Berlin Analyzes Utility Fund Budgets

BERLIN – The lack of capital funding available within the town’s utility funds highlighted a budget work session this week.

Finance Director Natalie Saleh told the town council this week Berlin needed to begin planning ahead for capital projects. She says department heads are frustrated by the town’s inability to make necessary purchases related to water, sewer, stormwater and electric.

“We have to think about what needs to be done,” she said. “There has to be a plan in place as soon as possible … Right now, it’s just we’re hoping nothing breaks.”

Mayor Zack Tyndall and members of the town council met for a utility funds budget work session Monday. Tyndall said the budgets being reviewed for each of the funds was what had been presented to him by department heads aside from a reduction in cell phone allowances and no salary increases.

In the electric fund, Tyndall highlighted the need for a rate study, as the last was completed in 2013, but said the town could not afford it.

“We’ll be exploring the best ways to move forward with a rate study in FY 23,” he said.

He added a rate study was already underway for the water fund.

“With respect to the water and sewer fund, two of our major issues at this time continue to be accurately capturing and billing for use of service along with the tremendous amount of debt on the books within the sewer fund,” he said.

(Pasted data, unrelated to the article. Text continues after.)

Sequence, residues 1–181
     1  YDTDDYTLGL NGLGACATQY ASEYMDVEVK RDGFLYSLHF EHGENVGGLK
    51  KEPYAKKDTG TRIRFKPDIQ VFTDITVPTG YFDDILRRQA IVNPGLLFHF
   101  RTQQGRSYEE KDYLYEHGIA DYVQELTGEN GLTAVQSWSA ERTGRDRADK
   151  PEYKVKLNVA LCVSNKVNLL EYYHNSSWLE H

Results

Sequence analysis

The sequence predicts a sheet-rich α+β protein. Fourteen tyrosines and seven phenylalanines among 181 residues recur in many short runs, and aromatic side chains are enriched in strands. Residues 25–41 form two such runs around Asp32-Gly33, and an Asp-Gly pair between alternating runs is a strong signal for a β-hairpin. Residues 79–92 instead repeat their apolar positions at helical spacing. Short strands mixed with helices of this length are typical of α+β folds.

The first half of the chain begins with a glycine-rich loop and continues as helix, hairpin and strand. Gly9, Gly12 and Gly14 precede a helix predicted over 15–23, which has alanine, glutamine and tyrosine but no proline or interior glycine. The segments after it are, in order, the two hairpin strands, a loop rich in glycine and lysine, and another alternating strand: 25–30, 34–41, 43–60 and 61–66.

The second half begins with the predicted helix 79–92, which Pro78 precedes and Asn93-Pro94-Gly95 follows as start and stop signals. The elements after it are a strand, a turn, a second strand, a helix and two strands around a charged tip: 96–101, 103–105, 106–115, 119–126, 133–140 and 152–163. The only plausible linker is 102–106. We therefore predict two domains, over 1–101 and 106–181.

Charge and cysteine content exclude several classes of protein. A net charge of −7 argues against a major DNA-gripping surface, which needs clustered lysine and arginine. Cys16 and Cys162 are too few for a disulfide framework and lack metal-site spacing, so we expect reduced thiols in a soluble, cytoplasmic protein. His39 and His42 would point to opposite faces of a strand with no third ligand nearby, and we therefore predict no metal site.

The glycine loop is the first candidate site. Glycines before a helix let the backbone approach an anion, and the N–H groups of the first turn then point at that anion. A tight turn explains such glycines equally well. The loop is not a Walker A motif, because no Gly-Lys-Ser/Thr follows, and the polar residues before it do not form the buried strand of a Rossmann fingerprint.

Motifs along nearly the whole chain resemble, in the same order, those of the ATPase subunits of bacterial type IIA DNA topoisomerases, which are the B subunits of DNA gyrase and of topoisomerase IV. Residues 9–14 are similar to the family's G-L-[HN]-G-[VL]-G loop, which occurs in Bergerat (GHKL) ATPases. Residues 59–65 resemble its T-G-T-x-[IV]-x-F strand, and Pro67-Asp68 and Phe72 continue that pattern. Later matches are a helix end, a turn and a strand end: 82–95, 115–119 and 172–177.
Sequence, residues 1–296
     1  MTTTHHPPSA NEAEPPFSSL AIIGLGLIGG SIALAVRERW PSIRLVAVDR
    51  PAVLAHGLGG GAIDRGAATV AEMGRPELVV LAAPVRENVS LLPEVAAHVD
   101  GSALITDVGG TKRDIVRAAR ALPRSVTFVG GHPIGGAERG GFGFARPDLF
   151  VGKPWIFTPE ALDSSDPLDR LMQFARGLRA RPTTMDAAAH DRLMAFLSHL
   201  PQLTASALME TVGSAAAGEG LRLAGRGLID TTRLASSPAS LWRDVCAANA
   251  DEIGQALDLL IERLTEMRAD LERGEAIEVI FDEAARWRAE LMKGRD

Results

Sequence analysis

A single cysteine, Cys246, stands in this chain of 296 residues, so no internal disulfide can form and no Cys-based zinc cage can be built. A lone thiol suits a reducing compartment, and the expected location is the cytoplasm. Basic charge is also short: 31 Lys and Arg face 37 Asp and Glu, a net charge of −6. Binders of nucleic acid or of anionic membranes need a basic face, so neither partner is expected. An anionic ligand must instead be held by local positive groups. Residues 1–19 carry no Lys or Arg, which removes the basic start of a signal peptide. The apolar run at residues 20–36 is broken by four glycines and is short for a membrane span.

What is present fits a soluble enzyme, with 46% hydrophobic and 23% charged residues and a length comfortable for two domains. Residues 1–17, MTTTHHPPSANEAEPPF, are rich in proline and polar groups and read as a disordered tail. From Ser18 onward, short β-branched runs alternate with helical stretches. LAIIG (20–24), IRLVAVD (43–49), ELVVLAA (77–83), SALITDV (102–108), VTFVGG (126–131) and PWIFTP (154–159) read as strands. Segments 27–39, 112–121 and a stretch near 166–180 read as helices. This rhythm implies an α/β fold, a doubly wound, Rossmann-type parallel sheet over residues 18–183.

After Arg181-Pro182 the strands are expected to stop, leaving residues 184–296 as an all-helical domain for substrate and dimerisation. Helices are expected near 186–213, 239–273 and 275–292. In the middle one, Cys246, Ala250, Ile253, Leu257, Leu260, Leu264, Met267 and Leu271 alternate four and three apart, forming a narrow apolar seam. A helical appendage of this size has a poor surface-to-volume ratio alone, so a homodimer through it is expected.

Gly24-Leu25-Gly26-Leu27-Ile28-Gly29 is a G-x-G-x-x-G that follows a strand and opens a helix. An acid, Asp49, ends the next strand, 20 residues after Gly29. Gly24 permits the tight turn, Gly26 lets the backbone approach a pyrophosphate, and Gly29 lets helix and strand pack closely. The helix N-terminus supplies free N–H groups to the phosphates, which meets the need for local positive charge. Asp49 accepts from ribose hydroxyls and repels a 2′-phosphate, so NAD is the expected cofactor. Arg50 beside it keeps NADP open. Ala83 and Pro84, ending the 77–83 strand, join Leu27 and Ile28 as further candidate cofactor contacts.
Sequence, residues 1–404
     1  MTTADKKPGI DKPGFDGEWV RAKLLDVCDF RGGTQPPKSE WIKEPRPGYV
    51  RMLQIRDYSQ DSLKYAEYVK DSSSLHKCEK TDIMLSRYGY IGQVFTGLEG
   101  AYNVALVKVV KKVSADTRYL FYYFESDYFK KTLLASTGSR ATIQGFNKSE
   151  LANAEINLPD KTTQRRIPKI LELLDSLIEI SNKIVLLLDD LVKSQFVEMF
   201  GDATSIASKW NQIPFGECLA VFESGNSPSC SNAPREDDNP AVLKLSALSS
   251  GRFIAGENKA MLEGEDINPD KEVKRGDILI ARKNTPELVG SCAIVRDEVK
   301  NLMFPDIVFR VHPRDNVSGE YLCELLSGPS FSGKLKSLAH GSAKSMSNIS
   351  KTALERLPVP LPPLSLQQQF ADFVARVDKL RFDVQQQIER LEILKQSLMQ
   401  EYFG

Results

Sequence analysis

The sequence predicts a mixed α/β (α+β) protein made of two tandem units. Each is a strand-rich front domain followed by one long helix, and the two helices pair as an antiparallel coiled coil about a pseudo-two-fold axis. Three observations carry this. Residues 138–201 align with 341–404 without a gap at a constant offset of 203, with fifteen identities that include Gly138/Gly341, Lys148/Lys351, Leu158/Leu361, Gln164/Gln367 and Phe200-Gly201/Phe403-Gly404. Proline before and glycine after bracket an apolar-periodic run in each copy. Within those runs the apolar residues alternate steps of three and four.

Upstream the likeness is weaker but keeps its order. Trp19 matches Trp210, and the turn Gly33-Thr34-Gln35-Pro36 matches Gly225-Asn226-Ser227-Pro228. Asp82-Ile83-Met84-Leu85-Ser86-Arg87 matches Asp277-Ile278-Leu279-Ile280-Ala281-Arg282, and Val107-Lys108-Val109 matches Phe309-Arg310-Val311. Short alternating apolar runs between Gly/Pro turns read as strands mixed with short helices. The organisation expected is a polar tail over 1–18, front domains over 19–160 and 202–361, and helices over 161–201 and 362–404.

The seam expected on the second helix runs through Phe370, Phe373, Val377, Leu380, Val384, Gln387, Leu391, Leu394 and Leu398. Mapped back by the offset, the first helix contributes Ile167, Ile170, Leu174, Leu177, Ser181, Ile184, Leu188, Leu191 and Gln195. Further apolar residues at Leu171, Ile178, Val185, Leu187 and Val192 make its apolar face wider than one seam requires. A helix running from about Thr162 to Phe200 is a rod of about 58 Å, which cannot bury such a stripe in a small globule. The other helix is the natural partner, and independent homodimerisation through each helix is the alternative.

Town Administrator Jeff Fleetwood reminded the council utility funds are enterprise funds and operate like businesses.

“This is revenue driven, expense driven, based off what they do and what they produce,” he said.

He reminded the council electric rates were regulated by the Public Service Commission. The proposed electric budget is $5.3 million, which represents a decrease of 2.5%. Purchase power costs are anticipated at $2.5 million.

Fleetwood said the proposed water fund budget was $938,000, essentially in line with what it was for the current fiscal year.  The sewer fund budget is proposed at $2.5 million, which is up 3% over the current year.

Saleh, following detailed presentations by department heads, stressed with its aging infrastructure the town needed to begin planning for capital projects.

“Right now, we’re talking about items we cannot do and have to have,” she said.

Though there was some talk of the potential $4 million in grant funding the town could receive through the American Rescue Plan, Tyndall said the town could not count on it now.

“Right now I think we need to budget with what we have,” he said.

The town’s budget, which can be viewed on the town website, is scheduled for a public hearing May 24.

About The Author: Charlene Sharpe

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Charlene Sharpe has been with The Dispatch since 2014. A graduate of Stephen Decatur High School and the University of Richmond, she spent seven years with the Delmarva Media Group before joining the team at The Dispatch.